Google Play Store removes 11 apps on malware Joker’s threat

The Check Point report has listed out the package names of the 11 infected apps, and suggested users to uninstall those applications, and then, install a security solution.

July 13, 2020 04:14 pm | Updated 04:37 pm IST

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Press enter button on the keyboard computer Shield cyber Key lock security system abstract technology world digital link cyber security on hi tech Dark blue background, Enter password to log in. lock finger Keyboard

A new variant of Joker malware on Google’s Play Store has infected 11 applications that have now been removed from the app store.

The new version of Joker malware had made slight changes to its original code, and managed to sneak into the now removed apps, according to Check Point, a security solutions company, whose researchers discovered the threat.

“Hiding in seemingly legitimate applications, we found that this updated version of Joker was able to download additional malware to the device, which subscribes the user to premium services without their knowledge or consent,” a Check Point research report titled New Joker variant hits Google Play with an old trick said.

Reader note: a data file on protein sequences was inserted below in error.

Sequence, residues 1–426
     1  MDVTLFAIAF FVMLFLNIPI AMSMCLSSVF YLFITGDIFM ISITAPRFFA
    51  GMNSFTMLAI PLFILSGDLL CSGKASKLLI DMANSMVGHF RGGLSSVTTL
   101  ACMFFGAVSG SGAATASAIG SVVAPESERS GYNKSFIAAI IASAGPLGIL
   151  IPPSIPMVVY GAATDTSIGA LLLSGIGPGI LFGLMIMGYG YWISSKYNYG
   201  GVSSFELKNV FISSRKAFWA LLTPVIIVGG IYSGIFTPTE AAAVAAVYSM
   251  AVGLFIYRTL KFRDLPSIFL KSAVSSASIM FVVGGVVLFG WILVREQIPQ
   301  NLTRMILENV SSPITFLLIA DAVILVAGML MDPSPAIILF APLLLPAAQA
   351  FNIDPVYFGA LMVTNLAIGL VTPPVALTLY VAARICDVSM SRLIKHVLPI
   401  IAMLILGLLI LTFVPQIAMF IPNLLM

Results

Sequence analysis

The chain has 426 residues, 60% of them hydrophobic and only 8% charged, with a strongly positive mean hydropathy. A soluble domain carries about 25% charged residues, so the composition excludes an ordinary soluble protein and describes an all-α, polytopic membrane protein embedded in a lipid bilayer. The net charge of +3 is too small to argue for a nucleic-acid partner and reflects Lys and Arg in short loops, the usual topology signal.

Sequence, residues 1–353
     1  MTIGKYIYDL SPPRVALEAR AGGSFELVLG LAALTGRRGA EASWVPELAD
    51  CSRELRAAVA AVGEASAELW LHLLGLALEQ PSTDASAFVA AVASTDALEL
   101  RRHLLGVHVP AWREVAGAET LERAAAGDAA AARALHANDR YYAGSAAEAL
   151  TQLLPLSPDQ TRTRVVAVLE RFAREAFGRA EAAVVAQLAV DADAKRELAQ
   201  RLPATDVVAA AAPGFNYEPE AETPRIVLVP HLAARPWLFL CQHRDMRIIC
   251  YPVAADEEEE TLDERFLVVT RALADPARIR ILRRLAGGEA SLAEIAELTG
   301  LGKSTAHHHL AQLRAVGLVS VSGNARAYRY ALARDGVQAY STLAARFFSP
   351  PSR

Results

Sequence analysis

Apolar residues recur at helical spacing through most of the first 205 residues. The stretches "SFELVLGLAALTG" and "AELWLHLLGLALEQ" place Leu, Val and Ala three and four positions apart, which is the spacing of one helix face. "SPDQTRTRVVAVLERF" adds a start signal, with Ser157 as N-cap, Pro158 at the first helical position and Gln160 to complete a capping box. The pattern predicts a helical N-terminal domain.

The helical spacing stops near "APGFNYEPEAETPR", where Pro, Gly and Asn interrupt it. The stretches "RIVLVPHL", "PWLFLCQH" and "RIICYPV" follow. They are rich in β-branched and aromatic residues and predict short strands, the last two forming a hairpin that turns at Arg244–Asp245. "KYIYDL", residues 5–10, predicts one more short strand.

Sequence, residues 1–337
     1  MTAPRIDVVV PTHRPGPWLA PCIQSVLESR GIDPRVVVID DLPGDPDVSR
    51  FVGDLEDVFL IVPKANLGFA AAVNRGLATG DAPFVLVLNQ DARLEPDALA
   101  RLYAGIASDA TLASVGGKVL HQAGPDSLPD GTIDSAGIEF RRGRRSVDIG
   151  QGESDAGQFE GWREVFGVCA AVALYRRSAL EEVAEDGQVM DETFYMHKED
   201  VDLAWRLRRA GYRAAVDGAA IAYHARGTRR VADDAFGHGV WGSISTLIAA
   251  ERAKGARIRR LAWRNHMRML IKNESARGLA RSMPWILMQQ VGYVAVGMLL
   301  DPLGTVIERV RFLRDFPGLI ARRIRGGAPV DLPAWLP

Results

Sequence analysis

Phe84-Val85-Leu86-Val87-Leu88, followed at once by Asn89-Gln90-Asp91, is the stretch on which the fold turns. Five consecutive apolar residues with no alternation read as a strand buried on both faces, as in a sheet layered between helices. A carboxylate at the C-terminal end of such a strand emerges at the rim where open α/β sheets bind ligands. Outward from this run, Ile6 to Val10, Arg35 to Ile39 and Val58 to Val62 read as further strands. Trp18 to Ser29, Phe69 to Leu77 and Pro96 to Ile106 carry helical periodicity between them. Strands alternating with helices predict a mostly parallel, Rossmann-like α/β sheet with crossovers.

Joker exploits notification listener service built-in to apps along with a dynamic dex file loaded from a command-and-control server (C&C) to execute the user registration process.

Taking a leaf out of the Windows malware developer’s playbook, the new version of Joker manages to load the dynamic dex file even when it is masked, reducing its digital fingerprint. Then, it decodes and loads the dex file as it remains concealed within the application in the form of Base64 encoded strings.

The original classes.dex file confirms the presence of an active campaign after communicating with the C&C server, and loads the new payload unit. Joker’s new version succeeds in hiding the entire functionality by configuring the C&C server to return “false” on the status code, preventing detection of the malicious activity, according to the report.

A malware like this could put a user and their data at risk. It compromises the integrity of a device, and could allow an attacker to remotely access and exploit an infected device. In the process it may be used to transmit a user’s personal data or credentials without proper disclosure and permission.

The Check Point report has listed out the package names of the 11 infected apps, and suggested users to uninstall those applications, and then, install a security solution. It also suggested users to check for any subscriptions in the credit card and mobile bills.

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